Rule #2: don't assume the numbers are consecutive. If you do, you'll be tempted to write something like

for(int i = 0; i <= collection.length(); i++) process(collection[i])

But, at some point you'll want to remove the element at position 23 out of 37 in your collection, and this will break your above code.

So, although you are using consecutive numbers as your ids, do not assume they always be. To iterate other your collection, use

 for(iterator i(collection); i; i++) process(i.getCurrent())

You get the id(ea).

Avoid technical objects as much as possible

They often reveal a lack of abstraction. Si also the next law.

Limit the number of objects and types

Could you understand a novel with 100 important characters and 50 places ? Probably not, so why are you trying to write code with 50 types and hundred of different names ?

Write clear code first, optimize second

You may have to change and refactor your code, but this is not a problem, since you wrote unit test, right ?

Dealing with errors at run-time

Always check the return of your functions, or use a language with exceptions

You can never assume that "nothing could go wrong". May be this is the case when you write the function, but one day it will change, and you won't be able to go through every call to check.

Re-raise an exceptions you caught, not generic ones

(when you re-raise an exception). Otherwise chances are you won't be able to make the difference between the different problems while debugging. Or worse, in production.

Refactoring, making code evolve

Refactor

Refactor early, refactor often.

Write for refactoring: it means defensive programming, and automated testing.

Put as little new code as possible into the path of existing code

You have for example:

for customer in customerList:
    sendBill(customer)

Now, there is a new requirement, if this is the discount day, you want to add a discount to every customer, depending on its buying history. There are at least two ways to do it (assuming customerWithDiscount is only called at one place in your code, and that it returns a new list of customers, enriched with the discount):

1)

for customer in customerWithDiscount(thisIsDiscountDay, customerList):
    sendBill(customer)

(with customerWithDiscount testing for thisIsDiscountDay)

or:

2)

if thisIsDiscountDay:
    customerList = customerWithDiscount(customerList)
 for customer in customerList:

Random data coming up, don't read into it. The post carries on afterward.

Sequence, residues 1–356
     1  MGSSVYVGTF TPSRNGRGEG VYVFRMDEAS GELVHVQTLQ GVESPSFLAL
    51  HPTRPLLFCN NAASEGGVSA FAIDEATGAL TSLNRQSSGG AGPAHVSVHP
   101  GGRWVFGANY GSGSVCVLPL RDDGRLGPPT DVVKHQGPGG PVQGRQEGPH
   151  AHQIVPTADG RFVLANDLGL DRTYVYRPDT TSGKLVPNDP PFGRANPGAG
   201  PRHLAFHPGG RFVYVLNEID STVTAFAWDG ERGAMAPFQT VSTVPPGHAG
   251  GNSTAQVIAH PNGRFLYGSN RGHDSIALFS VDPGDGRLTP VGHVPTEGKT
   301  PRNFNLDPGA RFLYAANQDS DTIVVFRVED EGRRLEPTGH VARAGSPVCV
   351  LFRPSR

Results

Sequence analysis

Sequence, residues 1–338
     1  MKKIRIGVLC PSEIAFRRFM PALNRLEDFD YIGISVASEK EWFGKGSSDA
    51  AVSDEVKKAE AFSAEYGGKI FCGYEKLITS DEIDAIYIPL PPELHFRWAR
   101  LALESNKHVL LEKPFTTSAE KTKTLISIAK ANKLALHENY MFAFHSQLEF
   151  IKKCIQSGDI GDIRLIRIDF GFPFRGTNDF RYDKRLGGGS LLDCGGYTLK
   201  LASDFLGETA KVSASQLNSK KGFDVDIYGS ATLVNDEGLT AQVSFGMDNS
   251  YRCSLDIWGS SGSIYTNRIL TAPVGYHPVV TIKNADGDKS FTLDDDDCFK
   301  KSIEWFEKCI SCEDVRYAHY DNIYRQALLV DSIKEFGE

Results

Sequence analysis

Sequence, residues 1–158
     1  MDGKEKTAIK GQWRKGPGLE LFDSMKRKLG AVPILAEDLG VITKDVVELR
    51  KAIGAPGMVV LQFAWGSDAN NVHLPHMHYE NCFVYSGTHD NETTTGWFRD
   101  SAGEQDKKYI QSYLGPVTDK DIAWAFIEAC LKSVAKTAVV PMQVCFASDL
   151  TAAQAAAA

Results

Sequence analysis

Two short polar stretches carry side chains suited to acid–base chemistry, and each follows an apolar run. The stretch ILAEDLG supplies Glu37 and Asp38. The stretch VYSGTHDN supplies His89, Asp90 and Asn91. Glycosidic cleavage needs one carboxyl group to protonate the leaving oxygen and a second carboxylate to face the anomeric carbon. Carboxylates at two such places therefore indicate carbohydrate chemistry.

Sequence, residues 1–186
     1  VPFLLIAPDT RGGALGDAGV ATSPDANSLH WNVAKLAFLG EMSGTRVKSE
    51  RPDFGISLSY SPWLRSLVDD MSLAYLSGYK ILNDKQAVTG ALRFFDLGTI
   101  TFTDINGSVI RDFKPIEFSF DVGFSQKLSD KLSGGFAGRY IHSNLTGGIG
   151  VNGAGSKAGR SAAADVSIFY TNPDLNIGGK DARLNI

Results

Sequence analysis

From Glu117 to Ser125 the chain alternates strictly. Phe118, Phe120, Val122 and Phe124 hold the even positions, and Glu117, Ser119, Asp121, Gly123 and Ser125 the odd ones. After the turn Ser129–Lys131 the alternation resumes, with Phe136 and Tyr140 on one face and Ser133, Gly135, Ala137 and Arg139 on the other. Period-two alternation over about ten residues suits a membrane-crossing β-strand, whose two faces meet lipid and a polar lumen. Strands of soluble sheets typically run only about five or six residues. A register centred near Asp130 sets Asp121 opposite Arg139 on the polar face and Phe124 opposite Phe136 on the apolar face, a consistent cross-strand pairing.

sendBill(customer)

Which one is better ?

I believe this is 2). The reason it that, if you have a bug in your (newly written) customerWithDiscount routine, in case 1, the bug will fire even in the case your routine is useless, that is thisIsDiscountDay is false, thus potentially breaking existing code. In case 2, the only thing you have to do not to break your existing code is to be sure of the one single test line, something much less difficult from a cognitive point of view, since you don't have to hold both old and new code in your mind.

If customerWithDiscount is called from several points, however you should test inside the routine rather that before calling it, to avoid duplicating the test through your code, and this should take precedence.

Outside the code

Use a version control system

Obvious.

Commit early, commit often.

If the modification you did has a strong semantic, do commit now. Here are example of modifications that have no semantic:

"Added line n += 1"

Yes, I can read your code, this doesn't help. You could say "BUGFIX: line counter wasn't incremented"

"1) data are now read from the config file 2) Added the ability to use ssh for communicating with the server"

You should have commited each modification separately.

Reread your code before committing

Before committing, perform an XXX diff, where XXX is your version control system. The minutes spent rereading your code aren't lost.

Write unit tests

So

  1. You have a clear understanding of what your code does
  2. You can refactor.

System administration

Put a local DNS resolver on every machine

Never put something into production on Friday

...or you may very well have to neglect your family on Saturday, while pissing off your customers and colleagues.

If a machine seems to do nothing and has no load, it's waiting for the network

In that case, tshark and netstat are your friends.